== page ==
'Ego Dominus Tuus' by William Butler Yeats
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Hic. On the grey sand beside the shallow stream
Under your old wind-beaten tower, where still
A lamp burns on beside the open book
That Michael Robartes left, you walk in the moon,
And, though you have passed the best of life, still trace,
Enthralled by the unconquerable delusion,
Ille. By the help of an image
I call to my own opposite, summon all
That I have handled least, least looked upon.
Hic. And I would find myself and not an image.
Ille. That is our modern hope, and by its light
We have lit upon the gentle, sensitive mind
And lost the old nonchalance of the hand;
Whether we have chosen chisel, pen or brush,
We are but critics, or but half create,
Timid, entangled, empty and abashed,
Lacking the countenance of our friends.
Hic. And yet
The chief imagination of Christendom,
Dante Alighieri, so utterly found himself
That he has made that hollow face of his
More plain to the mind's eye than any face
But that of Christ.
Ille. And did he find himself
Or was the hunger that had made it hollow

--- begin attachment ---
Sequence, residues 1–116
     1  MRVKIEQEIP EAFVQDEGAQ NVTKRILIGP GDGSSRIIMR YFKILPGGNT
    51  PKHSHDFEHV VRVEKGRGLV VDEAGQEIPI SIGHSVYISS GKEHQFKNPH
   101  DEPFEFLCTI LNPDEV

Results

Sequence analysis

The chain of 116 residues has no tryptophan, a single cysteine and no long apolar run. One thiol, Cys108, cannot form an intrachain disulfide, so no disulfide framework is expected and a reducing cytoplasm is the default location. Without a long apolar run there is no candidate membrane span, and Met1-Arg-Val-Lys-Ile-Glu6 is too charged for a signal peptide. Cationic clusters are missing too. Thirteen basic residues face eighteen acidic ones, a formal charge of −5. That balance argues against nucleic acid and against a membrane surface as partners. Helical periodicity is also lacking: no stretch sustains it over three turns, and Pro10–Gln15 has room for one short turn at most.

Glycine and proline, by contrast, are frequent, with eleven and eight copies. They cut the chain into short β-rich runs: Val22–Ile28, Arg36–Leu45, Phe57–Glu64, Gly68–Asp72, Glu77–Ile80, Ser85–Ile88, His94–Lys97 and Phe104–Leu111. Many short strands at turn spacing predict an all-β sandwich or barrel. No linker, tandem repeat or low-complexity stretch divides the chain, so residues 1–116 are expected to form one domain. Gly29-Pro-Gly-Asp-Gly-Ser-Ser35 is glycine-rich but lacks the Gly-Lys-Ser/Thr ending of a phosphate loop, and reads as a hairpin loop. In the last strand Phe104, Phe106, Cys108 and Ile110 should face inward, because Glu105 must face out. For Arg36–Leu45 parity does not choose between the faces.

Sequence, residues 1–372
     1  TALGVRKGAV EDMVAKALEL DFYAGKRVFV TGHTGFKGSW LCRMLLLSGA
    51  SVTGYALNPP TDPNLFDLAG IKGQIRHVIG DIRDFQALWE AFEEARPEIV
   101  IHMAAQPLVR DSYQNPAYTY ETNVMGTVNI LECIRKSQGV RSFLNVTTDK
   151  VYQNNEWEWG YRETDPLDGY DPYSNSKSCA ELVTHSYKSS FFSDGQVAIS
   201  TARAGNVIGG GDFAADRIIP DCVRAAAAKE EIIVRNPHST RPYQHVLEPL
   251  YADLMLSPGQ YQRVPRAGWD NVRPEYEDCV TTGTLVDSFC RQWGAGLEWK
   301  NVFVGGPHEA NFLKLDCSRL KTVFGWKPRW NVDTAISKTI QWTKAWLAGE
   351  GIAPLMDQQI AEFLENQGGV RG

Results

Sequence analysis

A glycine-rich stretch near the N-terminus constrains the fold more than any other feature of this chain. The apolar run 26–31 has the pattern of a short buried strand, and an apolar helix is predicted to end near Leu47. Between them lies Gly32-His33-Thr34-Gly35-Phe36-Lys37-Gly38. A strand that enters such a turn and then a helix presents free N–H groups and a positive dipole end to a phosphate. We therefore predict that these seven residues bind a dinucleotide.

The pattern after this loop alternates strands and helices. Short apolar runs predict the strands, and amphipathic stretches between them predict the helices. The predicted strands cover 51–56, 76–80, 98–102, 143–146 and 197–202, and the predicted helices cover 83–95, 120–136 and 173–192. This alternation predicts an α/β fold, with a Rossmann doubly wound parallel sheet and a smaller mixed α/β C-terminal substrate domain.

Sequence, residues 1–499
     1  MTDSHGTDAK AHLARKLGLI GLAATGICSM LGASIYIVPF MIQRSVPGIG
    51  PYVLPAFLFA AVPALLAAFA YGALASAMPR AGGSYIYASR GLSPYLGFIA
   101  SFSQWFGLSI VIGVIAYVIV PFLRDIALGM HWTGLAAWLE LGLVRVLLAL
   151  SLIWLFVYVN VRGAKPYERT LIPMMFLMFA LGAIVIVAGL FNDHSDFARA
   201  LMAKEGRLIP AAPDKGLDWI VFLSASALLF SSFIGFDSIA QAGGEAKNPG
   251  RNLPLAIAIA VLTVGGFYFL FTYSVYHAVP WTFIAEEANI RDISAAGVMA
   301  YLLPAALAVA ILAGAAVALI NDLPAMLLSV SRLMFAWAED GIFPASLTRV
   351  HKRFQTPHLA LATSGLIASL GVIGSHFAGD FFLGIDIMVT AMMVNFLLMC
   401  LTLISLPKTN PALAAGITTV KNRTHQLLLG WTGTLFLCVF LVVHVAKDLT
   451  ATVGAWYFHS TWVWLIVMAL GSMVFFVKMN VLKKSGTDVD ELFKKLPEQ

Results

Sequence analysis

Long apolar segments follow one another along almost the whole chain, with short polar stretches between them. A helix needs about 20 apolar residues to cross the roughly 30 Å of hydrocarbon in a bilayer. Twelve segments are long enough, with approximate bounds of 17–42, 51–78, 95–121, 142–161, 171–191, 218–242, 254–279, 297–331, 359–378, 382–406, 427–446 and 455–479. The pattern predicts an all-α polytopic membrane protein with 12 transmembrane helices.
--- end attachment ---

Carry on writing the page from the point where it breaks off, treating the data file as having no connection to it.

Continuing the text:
A hunger for the apple on the bough
Most out of reach? and is that spectral image
The man that Lapo and that Guido knew?
I think he fashioned from his opposite
An image that might have been a stony face
Staring upon a Bedouin's horse-hair roof
From doored and windowed cliff, or half upturned
Among the coarse grass and the camel-dung.
He set his chisel to the hardest stone.
Being mocked by Guido for his lecherous life,
Derided and deriding, driven out
To climb that stair and eat that bitter bread,
He found the unpersuadable justice, he found
The most exalted lady loved by a man.
Hic. Yet surely there are men who have made their art
Out of no tragic war, lovers of life,
Impulsive men that look for happiness
And sing when t"hey have found it.
Ille. No, not sing,
For those that love the world serve it in action,
Grow rich, popular and full of influence,
And should they paint or write, still it is action:
The struggle of the fly in marmalade.
The rhetorician would deceive his neighbours,
The sentimentalist himself; while art
Is but a vision of reality.
What portion in the world can the artist have
Who has awakened from the common dream
But dissipation and despair?
Hic. And yet
No one denies to Keats love of the world;
Remember his deliberate happiness.
Ille. His art is happy, but who knows his mind?
I see a schoolboy when I think of him,
With face and nose pressed to a sweet-shop window,
For certainly he sank into his grave
His senses and his heart unsatisfied,